A child born in Germany automatically becomes a citizen if one of the immigrant parents has legally lived in Germany for at least five years of her life.
The Home Office also plans to relax language requirements for older immigrants, making it easier for people to hold multiple nationalities.
Reform of Germany’s citizenship law was a big promise when the centre-left government led by Chancellor Olaf Scholz came to power a year before him.
Germany, an aging country with a population of over 80 million, faces severe labor shortages in many industries.
The Ministry of Labor predicts that by 2026 there will be a skills shortage of around 240,000 people in Europe’s largest economies.
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“To this end, we will activate multiple citizenships and simplify the process of obtaining German citizenship.”
Reasons behind the change in policy
The Government Voice outlines some of the rationale behind the current proposed development, focusing on the idea that Germany needs to modernize its laws for the benefit of its economy and society. Federal Labor Minister Hubertus Heil said that the change in legislation will allow more skilled workers from abroad to enter Germany, and that Germany will face the problems of digitalization and the shortage of skilled workers in key areas.
Germany introduced the Skilled Immigration Act to attract skilled workers to Germany in 2020. This law was introduced to allow a skilled worker with professional and non-academic training to migrate to Germany for paid employment from outside her EU. According to this law, applicants who have completed vocational training in Germany or have obtained professional qualifications recognized abroad can apply to enter Germany and access the labor market.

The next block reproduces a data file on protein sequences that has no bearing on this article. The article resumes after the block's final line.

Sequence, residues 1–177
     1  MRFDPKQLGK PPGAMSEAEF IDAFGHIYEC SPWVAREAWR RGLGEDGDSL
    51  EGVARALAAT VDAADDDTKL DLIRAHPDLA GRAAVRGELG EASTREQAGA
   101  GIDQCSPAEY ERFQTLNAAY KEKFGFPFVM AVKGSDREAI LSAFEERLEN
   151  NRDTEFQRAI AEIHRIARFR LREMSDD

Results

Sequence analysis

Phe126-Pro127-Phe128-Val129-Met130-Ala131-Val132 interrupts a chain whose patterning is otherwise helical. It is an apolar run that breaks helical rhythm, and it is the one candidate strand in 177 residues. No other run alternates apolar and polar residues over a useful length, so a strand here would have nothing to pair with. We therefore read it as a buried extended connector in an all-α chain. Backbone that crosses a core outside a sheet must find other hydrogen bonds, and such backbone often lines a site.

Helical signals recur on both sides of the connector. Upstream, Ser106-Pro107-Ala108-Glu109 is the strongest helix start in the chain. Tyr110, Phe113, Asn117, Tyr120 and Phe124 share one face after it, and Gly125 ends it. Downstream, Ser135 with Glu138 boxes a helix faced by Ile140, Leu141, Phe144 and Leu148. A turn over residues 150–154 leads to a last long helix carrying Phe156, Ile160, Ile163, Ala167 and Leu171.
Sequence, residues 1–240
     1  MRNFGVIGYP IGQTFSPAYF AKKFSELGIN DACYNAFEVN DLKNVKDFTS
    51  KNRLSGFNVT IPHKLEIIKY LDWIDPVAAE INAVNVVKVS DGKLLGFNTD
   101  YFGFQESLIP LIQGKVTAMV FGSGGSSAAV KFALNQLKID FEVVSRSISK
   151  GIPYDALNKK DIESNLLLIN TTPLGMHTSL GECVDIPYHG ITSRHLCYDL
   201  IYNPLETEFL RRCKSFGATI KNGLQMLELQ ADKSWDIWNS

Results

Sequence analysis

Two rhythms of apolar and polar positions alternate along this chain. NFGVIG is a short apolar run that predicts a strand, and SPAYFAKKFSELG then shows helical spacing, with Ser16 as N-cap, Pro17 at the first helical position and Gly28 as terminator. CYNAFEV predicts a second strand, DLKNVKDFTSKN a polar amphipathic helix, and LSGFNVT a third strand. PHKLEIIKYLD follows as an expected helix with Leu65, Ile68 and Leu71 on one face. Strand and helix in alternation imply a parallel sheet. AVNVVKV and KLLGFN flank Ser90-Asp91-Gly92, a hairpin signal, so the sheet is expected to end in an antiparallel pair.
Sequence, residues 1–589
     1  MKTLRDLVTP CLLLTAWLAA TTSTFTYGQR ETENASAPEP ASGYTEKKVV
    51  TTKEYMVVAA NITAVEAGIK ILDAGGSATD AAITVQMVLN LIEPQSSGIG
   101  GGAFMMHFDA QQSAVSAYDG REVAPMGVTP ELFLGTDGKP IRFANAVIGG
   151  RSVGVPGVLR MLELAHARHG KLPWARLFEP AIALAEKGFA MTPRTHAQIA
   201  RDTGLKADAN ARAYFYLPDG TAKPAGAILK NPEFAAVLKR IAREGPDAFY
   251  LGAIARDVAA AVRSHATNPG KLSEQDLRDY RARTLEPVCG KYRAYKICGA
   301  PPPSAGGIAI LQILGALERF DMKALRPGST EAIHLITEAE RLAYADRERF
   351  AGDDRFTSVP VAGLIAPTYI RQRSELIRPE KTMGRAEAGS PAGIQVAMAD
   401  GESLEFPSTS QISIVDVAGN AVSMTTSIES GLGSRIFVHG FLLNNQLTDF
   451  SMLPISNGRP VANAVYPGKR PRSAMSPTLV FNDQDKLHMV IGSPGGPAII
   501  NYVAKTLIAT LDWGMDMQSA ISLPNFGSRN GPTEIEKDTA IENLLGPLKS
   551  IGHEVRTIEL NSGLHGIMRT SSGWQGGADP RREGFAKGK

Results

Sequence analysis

Although this law enabled Germany to receive more than 60,000 applications from foreign should consider a more drastic change in immigration policies to prepare the economy for the challenges of the coming years and decades.
Reasons to become a dual German citizenship
There are many reasons for dual citizenship. If you have lived and worked in Germany, citizenship not only gives you the right to reside in the Federal Republic for life, but also brings benefits such as family, obtaining a German passport and the right to vote.
If you live outside Germany, German citizenship allows you to reconnect with your ancestral roots while benefiting from some of the following conditions of German citizenship:
Germany or other her EU Opportunities to live, study, work and retire in member countries
- Visa-free travel to over 170 countries
- Consular assistance and protection from German legations abroad
- Opportunities to set up a company or invest in real estate in Germany
- Benefits for family and children
With changes looming in Germany’s citizenship and dual citizenship regulations, it is imperative to stay ahead of current developments if you are considering applying for citizenship.
Contributed by Ankit Raj sharma
Edited by Imtiaz Ullah